—i.m. Don Maclennan 1929–2009
In the middle of contemplating the strangeness of what
you might call ‘being conscious of self and world’,
I thought to ask what your ideas on the matter were,
imagining I’d find you asleep in the garden, your face
shaded by a battered old hat perched at
an odd angle, a book of Seferis half-open in your lap.
The photograph I have of you sitting in a striped deckchair
reminds me of just such a post-prandial afternoon
one spring when food and wine had all but overtaken speech
and intermittent conversation catalogued the losses
that accumulate: lovers; certainty; the strengths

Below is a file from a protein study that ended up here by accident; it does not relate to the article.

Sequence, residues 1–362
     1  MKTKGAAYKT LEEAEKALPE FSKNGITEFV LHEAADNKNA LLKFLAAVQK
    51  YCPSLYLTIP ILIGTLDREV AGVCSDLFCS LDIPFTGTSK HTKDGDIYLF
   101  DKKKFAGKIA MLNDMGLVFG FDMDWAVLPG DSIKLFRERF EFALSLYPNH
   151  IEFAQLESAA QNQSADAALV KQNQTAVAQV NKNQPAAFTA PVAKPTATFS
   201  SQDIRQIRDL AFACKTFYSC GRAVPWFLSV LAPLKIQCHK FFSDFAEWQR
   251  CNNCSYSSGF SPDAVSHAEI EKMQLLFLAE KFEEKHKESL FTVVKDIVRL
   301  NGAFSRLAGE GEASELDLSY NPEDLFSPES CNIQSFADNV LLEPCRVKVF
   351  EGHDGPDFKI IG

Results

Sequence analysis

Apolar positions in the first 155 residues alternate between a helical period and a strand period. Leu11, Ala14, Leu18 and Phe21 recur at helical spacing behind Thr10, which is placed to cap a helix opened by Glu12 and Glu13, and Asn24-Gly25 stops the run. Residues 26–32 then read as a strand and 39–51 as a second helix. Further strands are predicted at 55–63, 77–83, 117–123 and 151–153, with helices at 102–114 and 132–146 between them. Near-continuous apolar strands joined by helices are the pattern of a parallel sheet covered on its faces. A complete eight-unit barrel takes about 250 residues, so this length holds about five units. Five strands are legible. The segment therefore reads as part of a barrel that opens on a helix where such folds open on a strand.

we need to solve the singular puzzles of a sheer rock-face.
Bashō got it right. Examined up close, our anchors of love,
faith and joy, are fleeting, unfixed, more air
than anything else. Nothing’s ever the same as it was
a moment ago, before you read the lines you wrote.
Everything requires remaking and renewal.
That the centre doesn’t hold doesn’t matter—it never did.
from Blue Rivers (Plumstead: Snailpress/Crane River, 2011).